Mapping alignment (literally)

Analyze Curriculum

When and how often does your program provide students opportunities to demonstrate their learning?

Curriculum analysis and mapping for equity

We "need to consider how curricula are structured to advance student learning and how courses within curricula are linked to help students make connections, transfer learning, and reach the goals we set for them in learning outcomes" (Jankowski & Marshall, 2017, p. 27).

Why does this matter?

When was the last time you thought about what it was like to be a novice in your field?

As experts, many faculty demonstrate their disciplinary mastery “so automatically and instinctively that they are no longer consciously aware of what they know or do” (Ambrose et al, 2010, p. 97). 

Unfortunately, the implicit nature of faculty expertise doesn't always translate directly to clear goals for student learning. Instead, sometimes the very thing that qualifies someone as an expert--unconscious competence-- can lead to disciplinary blind spots, which in turn, may create unintended obstacles for students. 

The iterative curriculum alignment process of reflecting on your expectations for student performance may help bring your implicit expectations about disciplinary knowledge, skills, and abilities to an explicit level.

Equity through alignment

We cannot hold students responsible for demonstrating mastery of learning outcomes unless we provide sufficient number and sufficiently varied opportunities for them to achieve those outcomes. This is true at the course- and program-level.

An equity-centered aligned curriculum is characterized by direct and intentionally transparent relationships between Program Learning Outcome (PLOs), Course Learning Outcomes (CLOs), and opportunities for students to learn.  

Curriculum analysis

Curriculum analysis is an intentional, iterative, and collaborative examination of the degree to which the program’s curriculum provides sufficient and sufficiently scaffolded opportunities for students to learn, develop, and demonstrate their attainment of PLOs.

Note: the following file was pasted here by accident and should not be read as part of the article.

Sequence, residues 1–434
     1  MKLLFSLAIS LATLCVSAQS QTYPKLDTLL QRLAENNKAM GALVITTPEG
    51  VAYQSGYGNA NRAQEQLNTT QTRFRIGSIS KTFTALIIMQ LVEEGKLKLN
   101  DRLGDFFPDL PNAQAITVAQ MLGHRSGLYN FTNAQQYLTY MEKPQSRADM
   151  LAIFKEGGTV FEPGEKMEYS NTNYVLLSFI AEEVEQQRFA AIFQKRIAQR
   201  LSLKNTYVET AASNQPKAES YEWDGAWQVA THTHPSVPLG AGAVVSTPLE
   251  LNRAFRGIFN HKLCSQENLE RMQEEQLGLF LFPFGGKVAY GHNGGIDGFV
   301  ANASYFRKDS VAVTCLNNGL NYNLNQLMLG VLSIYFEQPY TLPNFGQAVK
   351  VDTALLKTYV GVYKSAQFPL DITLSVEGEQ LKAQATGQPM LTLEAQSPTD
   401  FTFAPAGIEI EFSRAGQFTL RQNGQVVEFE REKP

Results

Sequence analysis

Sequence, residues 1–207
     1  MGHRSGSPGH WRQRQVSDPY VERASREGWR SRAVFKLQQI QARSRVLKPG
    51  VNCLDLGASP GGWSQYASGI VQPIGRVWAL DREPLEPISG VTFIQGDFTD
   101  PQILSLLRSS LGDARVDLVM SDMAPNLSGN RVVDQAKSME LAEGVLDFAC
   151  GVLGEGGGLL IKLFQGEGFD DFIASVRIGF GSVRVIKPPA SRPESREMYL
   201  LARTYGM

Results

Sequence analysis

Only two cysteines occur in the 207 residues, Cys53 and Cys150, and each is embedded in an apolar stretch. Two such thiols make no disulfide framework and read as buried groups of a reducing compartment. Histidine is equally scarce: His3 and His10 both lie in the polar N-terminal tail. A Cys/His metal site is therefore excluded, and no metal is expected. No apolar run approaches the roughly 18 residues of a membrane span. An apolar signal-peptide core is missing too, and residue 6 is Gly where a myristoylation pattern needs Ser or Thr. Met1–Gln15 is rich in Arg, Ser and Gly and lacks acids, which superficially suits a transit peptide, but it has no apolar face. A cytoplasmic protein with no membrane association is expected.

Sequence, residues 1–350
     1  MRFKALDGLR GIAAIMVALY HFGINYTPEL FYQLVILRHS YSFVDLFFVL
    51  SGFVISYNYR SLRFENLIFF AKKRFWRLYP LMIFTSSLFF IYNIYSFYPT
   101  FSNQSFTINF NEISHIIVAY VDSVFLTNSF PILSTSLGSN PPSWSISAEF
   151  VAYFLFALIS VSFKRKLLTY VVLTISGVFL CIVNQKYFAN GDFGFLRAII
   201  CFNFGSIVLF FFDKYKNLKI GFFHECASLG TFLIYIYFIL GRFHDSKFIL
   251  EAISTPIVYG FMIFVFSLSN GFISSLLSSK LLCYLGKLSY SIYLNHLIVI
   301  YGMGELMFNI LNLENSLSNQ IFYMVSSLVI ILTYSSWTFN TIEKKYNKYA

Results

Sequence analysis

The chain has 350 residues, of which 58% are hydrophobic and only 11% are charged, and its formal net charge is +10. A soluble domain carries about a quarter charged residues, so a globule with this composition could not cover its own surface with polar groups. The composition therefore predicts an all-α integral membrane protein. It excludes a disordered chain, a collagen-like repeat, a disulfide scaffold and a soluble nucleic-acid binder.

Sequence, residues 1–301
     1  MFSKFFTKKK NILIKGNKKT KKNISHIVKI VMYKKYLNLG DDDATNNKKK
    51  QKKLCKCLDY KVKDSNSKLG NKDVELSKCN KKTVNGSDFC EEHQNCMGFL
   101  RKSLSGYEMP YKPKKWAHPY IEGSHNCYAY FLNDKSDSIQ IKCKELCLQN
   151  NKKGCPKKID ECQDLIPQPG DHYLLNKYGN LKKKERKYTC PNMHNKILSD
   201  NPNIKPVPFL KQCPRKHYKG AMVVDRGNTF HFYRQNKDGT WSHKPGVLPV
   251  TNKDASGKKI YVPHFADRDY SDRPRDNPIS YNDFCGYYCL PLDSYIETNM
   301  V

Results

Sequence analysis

• Sufficient in number: the program's curriculum includes multiple opportunities (i.e., more than two courses) for students to develop, reinforce, and demonstrate their attainment of the knowledge / skills associated with each PLO.
  • Sufficiently scaffolded: the program includes opportunities for increasing levels of engagement with each PLO through which students develop, reinforce, and demonstrate their attainment of the knowledge / skills associated with each PLO.
Levels of engagement

It is necessary to identify the degree to which each required course provides opportunities for students to engage with the (sub)skill/knowledge for each PLO. We refer to those levels I, R, and M. See graphic below for details.

The three colored graphic indicates the levels of engagement with the skills / knowledge associated with a PLO in each required course.

Curriculum mapping

“Mapping is a strategy for visualizing the areas where we think learning is happening as it relates to specific learning outcomes” (NILOA, 2018, p. 7).

The process of curriculum analysis yields a curriculum map, which visually represents the opportunities the program provides for students to engage with skill(s)/knowledge related to each PLO. Strong curriculum maps must include: A) all of the PLOs; B) required courses offered by the department / program; and C) Intended levels of engagement. (See image below.)

An image depicting the three required components for a curriculum map: all of the programs learning outcomes; all of the required courses; and indication of the level of engagement the course offers related to one or more PLO(s).


  • Does the program provide sufficient (and sufficiently scaffolded) opportunities for students to learn and sufficient (and sufficiently scaffolded) opportunities to demonstrate their learning?​
  • Are the opportunities accessible & transparent for all?​